Ralph Kerle, Executive Chairman of The Creative Leadership Forum interviews Professor Roy Green, Dean, Faculty of Business, University of Technology, Sydney

Ralph Kerle, executive chairman of The Creative Leadership Forum interviews Professor Roy Green, Dean, Faculty of Business Unive from Grant Crossley on Vimeo.

Executive chairman of The Creative Leadership Forum interviews Professor Roy Green, Dean, Faculty of Business, University of Technology Sydney (UTS) about innovation and creative leadership within the education and services sectors

Sunday
May102009

The CLF interview John O'Shaughnessy - Acting CEO of IFSA

Ralph Kerle, executive chairman of The Creative Leadership Forum interviews John O'Shaughnessy, Deputy CEO of the Investment and Financial Services Association of Australia about innovation within the financial sector and the launch of the Australian Financial Services Forum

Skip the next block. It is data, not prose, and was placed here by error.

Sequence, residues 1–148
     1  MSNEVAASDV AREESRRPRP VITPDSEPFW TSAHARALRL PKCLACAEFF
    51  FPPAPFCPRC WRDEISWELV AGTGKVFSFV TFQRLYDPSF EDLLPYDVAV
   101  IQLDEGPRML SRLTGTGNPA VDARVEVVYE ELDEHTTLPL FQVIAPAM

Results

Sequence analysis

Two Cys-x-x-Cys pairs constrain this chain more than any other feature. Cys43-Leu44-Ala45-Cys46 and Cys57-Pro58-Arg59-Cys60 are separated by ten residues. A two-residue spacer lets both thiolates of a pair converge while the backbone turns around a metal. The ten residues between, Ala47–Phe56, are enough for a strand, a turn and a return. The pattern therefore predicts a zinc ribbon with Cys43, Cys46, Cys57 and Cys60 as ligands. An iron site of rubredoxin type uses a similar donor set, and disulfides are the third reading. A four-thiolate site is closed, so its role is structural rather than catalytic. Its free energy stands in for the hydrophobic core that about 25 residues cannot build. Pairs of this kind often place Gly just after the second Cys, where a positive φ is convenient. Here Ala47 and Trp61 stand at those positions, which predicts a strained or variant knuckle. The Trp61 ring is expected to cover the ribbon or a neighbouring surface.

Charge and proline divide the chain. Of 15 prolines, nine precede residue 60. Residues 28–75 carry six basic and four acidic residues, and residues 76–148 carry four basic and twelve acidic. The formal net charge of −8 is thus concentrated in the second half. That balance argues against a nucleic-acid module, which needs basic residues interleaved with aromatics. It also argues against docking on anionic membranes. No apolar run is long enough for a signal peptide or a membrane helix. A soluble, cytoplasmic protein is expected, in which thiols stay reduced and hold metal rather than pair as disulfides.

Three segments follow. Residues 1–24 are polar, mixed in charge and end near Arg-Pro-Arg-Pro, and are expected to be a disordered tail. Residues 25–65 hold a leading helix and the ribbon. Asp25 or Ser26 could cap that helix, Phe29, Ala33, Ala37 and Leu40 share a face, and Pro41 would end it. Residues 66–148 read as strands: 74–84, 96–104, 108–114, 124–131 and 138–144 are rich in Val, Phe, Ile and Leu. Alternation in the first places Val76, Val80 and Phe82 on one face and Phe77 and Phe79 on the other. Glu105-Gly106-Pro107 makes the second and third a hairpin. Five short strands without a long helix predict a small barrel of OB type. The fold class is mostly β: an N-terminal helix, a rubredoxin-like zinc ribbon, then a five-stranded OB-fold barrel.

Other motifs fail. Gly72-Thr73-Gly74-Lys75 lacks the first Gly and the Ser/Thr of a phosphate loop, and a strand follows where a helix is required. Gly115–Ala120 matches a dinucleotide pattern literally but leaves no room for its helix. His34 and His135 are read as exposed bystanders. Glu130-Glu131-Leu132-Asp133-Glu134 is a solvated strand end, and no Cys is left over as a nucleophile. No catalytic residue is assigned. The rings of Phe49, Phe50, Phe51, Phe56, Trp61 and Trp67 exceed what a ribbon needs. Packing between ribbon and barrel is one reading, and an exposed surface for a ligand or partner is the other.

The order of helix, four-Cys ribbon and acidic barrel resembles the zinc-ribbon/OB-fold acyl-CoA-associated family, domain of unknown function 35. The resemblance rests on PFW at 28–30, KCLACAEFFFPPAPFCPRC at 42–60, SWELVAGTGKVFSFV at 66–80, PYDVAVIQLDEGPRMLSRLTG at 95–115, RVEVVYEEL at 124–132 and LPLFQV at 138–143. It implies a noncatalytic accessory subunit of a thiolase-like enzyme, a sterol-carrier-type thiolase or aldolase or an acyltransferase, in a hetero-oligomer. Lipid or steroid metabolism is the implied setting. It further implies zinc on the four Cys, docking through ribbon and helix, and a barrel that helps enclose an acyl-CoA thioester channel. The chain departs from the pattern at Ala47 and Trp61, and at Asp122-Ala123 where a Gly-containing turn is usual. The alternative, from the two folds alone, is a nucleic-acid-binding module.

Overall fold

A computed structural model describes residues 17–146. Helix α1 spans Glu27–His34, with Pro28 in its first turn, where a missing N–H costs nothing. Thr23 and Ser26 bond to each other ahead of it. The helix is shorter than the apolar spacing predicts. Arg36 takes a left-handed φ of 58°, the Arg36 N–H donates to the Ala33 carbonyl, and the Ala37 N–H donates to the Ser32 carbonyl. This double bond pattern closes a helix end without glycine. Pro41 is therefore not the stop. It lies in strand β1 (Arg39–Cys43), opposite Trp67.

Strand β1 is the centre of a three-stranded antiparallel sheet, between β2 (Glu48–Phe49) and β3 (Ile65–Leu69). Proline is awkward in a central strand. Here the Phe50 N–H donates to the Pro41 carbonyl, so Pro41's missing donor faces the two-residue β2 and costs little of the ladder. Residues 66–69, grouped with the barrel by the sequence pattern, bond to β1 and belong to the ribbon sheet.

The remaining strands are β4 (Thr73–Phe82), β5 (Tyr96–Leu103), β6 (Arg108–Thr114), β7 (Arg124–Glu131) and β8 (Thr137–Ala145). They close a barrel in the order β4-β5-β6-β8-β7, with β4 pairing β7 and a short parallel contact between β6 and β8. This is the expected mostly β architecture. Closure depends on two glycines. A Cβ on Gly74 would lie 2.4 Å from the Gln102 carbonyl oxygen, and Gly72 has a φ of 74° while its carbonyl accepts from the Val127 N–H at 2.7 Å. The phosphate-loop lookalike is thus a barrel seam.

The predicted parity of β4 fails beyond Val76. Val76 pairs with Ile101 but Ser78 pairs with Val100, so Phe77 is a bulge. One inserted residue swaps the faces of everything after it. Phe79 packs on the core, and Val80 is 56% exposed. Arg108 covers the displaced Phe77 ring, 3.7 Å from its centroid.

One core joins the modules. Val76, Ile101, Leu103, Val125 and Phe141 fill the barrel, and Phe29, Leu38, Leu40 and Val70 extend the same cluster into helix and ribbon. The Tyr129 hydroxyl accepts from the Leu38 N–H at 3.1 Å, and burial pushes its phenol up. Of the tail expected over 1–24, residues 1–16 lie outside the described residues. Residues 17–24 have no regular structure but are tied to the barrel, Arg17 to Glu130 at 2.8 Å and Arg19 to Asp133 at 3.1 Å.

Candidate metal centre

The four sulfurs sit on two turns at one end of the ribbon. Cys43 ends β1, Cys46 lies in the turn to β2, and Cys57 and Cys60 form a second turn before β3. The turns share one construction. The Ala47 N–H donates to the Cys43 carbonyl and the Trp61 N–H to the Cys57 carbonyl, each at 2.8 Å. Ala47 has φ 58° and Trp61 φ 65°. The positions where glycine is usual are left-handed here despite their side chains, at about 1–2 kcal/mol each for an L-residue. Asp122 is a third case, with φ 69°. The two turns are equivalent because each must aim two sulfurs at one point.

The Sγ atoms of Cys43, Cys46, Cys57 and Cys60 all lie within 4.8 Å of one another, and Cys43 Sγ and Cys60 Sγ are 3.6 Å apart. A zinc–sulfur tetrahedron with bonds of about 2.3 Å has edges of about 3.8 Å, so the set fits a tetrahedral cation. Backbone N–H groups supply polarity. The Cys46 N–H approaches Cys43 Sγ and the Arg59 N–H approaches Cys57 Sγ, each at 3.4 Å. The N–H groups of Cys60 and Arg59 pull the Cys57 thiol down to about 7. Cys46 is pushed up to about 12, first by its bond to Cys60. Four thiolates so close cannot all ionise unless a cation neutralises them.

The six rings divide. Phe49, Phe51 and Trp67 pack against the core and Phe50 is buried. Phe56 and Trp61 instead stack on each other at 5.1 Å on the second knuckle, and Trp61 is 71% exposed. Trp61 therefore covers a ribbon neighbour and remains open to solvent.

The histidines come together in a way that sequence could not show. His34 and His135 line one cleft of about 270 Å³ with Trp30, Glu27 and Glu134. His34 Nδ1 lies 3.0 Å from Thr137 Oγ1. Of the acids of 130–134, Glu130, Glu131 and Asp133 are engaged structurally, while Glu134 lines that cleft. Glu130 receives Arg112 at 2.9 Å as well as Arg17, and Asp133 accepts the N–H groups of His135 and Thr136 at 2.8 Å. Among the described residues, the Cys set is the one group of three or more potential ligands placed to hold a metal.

John O'Shaughnessy Deputy CEO IFSA from Ralph Kerle on Vimeo.

Sunday
May102009

Creative Leadership can Transform Your Organisation - ThinkXchange interview Ralph Kerle

Ralph Kerle, Executive Chairman of The Creative Leadership Forum, explains the how to lead an organisation to business transformation.

Download the podcast here

Interview courtesy of ThinkXchange.com.au

Saturday
May092009

Creative Leadership - AGSM interview Ralph Kerle